Assessment is carried out by a combination of examinations, which take place in the summer term, along with written papers, extended essays, assessed coursework, and portfolios of compositions and other practical work, and performance recitals.
Our teaching in the School of Modern Languages combines a majority of seminars and small group work as well as role play and conversational activities, with some lectures. Private study and preparation are essential parts of every course, and you will have access to many online resources such as Powerpoint slideshows, copies of selected primary and secondary texts, audiovisual materials, class and seminar preparation aids, links to relevant external sites, quizzes and grammar and essay writing guidance, and the University’s comprehensive e-learning facility, Moodle. When you start with us, you are assigned a Personal Tutor to support you academically and personally and who holds regular surgery hours at least twice weekly.
Each course is assessed using a varied range of methods such as coursework and end of year examinations. Coursework includes essays, language exercises, translations and reports. Oral presentations and computer-based tests are used in some course units to assess grammar and comprehension skills. You can, to some extent, choose course units which suit your own assessment preferences.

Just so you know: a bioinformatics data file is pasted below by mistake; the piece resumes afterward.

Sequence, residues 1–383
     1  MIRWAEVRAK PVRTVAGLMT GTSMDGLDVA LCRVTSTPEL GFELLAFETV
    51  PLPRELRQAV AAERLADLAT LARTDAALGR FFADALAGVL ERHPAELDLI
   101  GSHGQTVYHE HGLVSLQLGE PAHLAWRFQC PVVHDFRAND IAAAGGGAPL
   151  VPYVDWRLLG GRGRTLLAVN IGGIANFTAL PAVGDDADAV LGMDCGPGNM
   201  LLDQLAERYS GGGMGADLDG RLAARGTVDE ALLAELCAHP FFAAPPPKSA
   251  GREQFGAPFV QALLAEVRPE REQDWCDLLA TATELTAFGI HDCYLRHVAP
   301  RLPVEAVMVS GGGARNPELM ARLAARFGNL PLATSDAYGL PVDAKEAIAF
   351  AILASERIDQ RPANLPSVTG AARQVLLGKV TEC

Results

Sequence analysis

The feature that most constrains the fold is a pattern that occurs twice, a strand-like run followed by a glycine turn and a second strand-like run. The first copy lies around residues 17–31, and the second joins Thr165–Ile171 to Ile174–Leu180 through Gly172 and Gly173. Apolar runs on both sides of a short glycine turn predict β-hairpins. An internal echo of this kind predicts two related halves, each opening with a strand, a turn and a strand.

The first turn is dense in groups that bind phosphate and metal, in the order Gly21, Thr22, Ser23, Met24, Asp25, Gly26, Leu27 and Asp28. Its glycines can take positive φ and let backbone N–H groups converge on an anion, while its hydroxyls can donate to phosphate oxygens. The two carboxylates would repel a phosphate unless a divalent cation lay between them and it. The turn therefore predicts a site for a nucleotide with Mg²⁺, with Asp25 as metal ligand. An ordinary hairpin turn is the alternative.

You will take a study skills course during your first year, designed to equip you with and enhance the writing skills you will need to be successful in your degree. This course does not count towards your final degree award but you are required to pass it to progress to your second year.
The offer given will take into consideration:
- subjects taken at A level
- the educational context in which academic
- achievements have been gained
- whether the Extended Project Qualification is being taken
Required subjects: Grade A in Music A level or Grade 8 Music Theory at Pass and five GCSEs graded A*- C including English and Maths. If Spanish is taken at A level grade B is required.
Other UK Qualifications